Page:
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UCLA FYI

Neuheisel plays big-game card

November 30, 2008|David Wharton | Wharton is a Times staff writer.

Over the last few weeks, UCLA Coach Rick Neuheisel tried to inspire his players with the reminder that they still had a chance to become bowl eligible.

Not anymore.

Coming off Friday night's loss to Arizona State -- assuring UCLA of a losing record -- the coach said he would switch to a different motivational tactic for the season finale.

"This is the USC game. This is plenty enough," he said. "When you come to UCLA, bowl games are terrific, but they're icing on the cake. The excitement is this game."

The Bruins figure to be heavy underdogs against the fifth-ranked Trojans, but Neuheisel said he had an answer for that too.

The 1989 UCLA team entered the USC game with a 3-7 record. Quarterback Bret Johnson was inexperienced, just like current quarterback Kevin Craft.

"You know, a lot of similarities," Neuheisel said.

The Bruins would have won that year if kicker Alfredo Velasco's 54-yard field goal attempt had not bounced off the crossbar at the Coliseum. The final score was 10-10.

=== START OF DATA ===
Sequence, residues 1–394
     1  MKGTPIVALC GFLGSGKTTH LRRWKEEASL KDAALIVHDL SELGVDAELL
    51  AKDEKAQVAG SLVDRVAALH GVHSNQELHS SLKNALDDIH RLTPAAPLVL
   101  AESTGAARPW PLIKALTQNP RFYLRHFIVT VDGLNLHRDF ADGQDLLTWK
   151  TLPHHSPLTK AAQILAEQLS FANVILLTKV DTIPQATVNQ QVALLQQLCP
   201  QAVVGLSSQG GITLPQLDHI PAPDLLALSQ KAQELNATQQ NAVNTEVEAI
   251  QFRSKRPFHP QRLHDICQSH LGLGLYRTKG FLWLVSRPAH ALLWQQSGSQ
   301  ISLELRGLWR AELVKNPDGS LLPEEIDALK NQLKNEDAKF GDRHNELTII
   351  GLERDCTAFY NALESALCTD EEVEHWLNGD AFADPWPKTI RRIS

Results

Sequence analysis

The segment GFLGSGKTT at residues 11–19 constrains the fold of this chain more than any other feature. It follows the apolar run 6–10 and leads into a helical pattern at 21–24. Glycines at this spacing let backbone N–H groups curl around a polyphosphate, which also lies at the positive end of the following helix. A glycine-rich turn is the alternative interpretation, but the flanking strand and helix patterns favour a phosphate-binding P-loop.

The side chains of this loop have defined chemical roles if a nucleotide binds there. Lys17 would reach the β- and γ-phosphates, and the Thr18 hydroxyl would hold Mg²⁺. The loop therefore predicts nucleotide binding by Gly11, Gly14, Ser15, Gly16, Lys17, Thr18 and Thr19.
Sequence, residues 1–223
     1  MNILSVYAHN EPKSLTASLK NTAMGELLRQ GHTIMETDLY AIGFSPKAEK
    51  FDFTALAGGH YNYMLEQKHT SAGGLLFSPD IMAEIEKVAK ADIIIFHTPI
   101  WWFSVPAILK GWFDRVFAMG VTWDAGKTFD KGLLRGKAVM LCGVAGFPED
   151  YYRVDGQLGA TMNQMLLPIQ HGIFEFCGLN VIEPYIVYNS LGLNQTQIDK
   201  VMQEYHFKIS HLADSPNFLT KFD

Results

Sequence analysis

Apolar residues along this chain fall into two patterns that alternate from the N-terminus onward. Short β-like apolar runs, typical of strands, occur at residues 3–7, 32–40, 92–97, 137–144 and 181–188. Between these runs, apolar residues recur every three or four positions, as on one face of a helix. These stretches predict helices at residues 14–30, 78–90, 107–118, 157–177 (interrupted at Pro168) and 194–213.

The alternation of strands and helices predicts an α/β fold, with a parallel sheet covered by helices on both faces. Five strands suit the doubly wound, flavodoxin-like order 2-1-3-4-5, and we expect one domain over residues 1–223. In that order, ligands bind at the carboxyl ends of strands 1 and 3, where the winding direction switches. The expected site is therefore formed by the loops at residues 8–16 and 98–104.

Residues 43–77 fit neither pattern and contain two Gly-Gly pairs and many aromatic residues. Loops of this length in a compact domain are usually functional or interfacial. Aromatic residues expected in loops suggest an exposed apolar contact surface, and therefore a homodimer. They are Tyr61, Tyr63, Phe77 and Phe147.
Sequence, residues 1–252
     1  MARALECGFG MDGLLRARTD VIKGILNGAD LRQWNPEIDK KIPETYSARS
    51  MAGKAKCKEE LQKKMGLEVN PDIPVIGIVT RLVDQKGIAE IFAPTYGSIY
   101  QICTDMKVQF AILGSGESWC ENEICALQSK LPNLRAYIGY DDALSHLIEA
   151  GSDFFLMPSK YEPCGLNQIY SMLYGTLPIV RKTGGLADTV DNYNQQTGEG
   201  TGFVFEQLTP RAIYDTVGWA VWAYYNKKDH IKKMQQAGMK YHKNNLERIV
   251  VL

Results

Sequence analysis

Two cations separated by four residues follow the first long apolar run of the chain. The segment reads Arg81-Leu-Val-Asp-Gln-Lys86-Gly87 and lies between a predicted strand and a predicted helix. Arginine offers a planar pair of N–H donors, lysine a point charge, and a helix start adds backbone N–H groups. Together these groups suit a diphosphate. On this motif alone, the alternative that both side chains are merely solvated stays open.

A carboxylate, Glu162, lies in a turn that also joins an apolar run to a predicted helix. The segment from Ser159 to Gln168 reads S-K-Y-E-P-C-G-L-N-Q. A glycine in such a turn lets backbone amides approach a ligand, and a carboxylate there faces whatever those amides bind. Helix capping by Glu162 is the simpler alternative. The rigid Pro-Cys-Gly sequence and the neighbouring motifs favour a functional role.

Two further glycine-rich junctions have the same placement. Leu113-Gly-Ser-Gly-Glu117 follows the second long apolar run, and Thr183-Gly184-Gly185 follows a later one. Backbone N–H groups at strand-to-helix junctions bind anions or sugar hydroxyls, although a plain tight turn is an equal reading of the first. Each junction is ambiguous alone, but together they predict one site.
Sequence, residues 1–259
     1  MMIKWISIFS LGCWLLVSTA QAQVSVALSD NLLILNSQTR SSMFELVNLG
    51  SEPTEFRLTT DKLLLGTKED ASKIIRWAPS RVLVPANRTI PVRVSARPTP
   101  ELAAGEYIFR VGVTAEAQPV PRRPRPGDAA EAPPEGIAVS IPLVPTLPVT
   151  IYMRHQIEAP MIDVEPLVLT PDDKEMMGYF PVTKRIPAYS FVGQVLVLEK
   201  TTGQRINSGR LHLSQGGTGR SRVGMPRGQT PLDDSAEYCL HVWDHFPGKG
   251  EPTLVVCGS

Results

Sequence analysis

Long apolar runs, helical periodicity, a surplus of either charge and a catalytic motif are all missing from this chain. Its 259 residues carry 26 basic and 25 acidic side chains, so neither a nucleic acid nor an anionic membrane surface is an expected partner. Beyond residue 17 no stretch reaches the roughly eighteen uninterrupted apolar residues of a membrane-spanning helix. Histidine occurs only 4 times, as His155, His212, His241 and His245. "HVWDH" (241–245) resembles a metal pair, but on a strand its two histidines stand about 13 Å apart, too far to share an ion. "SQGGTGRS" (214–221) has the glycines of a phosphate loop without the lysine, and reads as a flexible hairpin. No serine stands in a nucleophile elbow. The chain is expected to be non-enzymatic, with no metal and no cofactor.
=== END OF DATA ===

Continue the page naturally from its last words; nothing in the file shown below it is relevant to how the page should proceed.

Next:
Option quarterback

On the trip home from Arizona State, Neuheisel told Craft that he admired the quarterback's work ethic. And, upon reviewing film of the loss, Neuheisel blamed some of Craft's struggles on poor offensive line play and route-running mistakes by the receivers.

But, he added, "It's the quarterback's job not to throw it to the other team."

Though Craft's turnovers were the difference against the Sun Devils, there were no plans as of Saturday night to replace him in the starting lineup. Neuheisel knows that might frustrate some fans.

"I can understand that," he said. "It frustrates me that there isn't another option that gives us a better chance to win, but we have to do what's in our best interest."

No worries

Back on the topic of USC, Neuheisel was asked if he worried about his team getting embarrassed on the field next Saturday.

"If you start worrying that way," he said, "you're taking yourself out of the focus of how to play the best football."

The coach says he believes it is better to concentrate on schemes and strategy.

"To worry about embarrassment or the possibility of such, I think is counterproductive," he said.

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david.wharton@latimes.com

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